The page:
Vietnamese and European senior officials will meet next week in Hanoi for the first round of talks on voluntary partnership agreements that focus on production and trade of processed wood products.
The agreements are the means of putting the EU Forest Law Enforcement, Governance and Trade (FLEGT) licensing scheme into effect. At the heart of the FLEGT initiative is an attempt to exclude illegally logged timber products from the European market.
Tran Kim Long, deputy general director of the International Cooperation Department under the Ministry of Agriculture and Rural Development, said the pact would open the door wider for timber products from Vietnam into the EU market, which already accounts for 30 percent of the country's exports of processed timber, mainly outdoor and indoor furniture.
The agreements will identify a series of key factors in implementing the licensing system.
Long told Thanh Nien Weekly at the first round of talks, due November 29-30, European officials would discuss management of timber production and trade introduced by their Vietnamese counterparts through their negotiations. The goal is to assure legality for timber products and compliance with the FLEGT agreement, said Long.
The negotiations are expected to be concluded by mid-2012 and official enforcement of the agreements will begin in 2013 when FLEGT comes into force throughout the EU.
Derek Charter, consultancy service manager of UK-based solutions firm Helveta, said import of timber or timber products into the bloc from a partner country would be prohibited unless it is covered by a valid FLEGT license.
FLEGT is an important marketing tool for timber producers as it allows them to boost sales in the bloc and also gives a quality label for producers that will be useful for them in the global market.
The pact is expected to not only offer export opportunities for local firms but to create an environment for firms to develop forests through policies issued by the government, said Long.
Long said the government plans to increase the nation's plantation area to become the main source of timber for local wood processing factories.
He said the government aims to have forests developed by the state and private businesses to provide up to 70 to 80 percent of raw materials for factories in 2020, up from the current 20-30 percent.
The country has 4.48 million hectares of plantations, of which 2.5 million hectares are managed by smallholders, most of them poor rural households, according to the World Wildlife Fund in Vietnam.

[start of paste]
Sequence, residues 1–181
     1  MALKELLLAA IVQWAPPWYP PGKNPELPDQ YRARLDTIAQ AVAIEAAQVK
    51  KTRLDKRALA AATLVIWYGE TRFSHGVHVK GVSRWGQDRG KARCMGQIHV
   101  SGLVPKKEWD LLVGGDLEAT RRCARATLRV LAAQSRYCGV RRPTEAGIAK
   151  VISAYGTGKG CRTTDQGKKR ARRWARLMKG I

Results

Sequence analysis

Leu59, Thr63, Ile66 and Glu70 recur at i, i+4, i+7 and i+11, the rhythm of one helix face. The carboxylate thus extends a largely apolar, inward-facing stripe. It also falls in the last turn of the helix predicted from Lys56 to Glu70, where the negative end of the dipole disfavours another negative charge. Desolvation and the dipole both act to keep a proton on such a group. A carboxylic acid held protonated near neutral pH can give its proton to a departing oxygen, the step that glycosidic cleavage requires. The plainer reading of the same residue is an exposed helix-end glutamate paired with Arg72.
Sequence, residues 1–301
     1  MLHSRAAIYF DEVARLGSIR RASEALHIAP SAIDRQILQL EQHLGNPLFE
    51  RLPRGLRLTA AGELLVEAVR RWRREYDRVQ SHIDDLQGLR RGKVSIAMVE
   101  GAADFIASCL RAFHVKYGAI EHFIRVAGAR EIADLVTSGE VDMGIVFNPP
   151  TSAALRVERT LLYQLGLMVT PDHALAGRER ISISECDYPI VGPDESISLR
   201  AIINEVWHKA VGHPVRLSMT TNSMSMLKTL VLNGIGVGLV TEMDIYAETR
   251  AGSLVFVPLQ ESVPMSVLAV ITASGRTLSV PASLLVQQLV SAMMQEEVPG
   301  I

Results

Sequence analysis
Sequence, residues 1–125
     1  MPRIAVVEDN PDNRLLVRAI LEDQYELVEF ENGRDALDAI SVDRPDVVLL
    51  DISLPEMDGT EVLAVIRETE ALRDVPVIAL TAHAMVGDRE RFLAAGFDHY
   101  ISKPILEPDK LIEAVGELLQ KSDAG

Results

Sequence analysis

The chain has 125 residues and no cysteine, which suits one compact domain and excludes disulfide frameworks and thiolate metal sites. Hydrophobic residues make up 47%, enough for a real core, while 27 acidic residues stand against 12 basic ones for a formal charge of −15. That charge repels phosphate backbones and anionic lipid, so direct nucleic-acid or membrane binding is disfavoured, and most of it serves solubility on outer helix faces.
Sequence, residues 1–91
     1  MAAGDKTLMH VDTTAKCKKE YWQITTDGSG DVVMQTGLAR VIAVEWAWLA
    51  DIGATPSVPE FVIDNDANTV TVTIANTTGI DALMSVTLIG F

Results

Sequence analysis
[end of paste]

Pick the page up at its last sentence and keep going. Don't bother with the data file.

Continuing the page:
The EU has signed similar agreements with other timber producing and exporting countries including Ghana, Congo, and Cameroon.
Vietnam tops in the world's exporting countries of processed wood. It exported US$2.74 billion worth of the products in the first ten months of this year, an increase of 34.7 percent, according to the Vietnam Timber and Forest Products Association.
The association said the EU bloc bought $763.7 million and $791.8 million worth of products from Vietnam respectively in 2009 and 2008. As a developing country, Vietnam enjoys the benefits of the Generalized System of Preferences, a system of exemption that levies 0 to 2.1 percent import tax on processed wood products.
Italy supports SMEs
In separate news, the Italian government is supporting a three-year scheme to help improve the capacity and competitiveness of Vietnamese small- and medium-sized enterprises (SMEs) in the wood processing industry.
Vietnamese SMEs are far behind in export markets at present, said To Hoai Nam, national project manager of SME Cluster Development Scheme implemented with technical support from the United Nations Industrial Development Organization.
Nam said the three million-euro scheme introduced last year would have Italian and other international experts share their experiences and skills in production and design with local businesses in Ho Chi Minh City and Binh Duong Province, the country's wood product manufacturing hubs.
Nam told Thanh Nien Weekly most local SMEs produced the same products without differences as they had no long-term business vision. He said the scheme also had a mission to help them change their attitudes to business and develop a model of clusters that groups producers on the basis of their own competitive advantages.
Italy has a smaller number of wooden producers than Vietnam, but is one of the strongest countries in the world market as its producers developed the clusters model, and Vietnamese SMEs should learn from it, Nam said.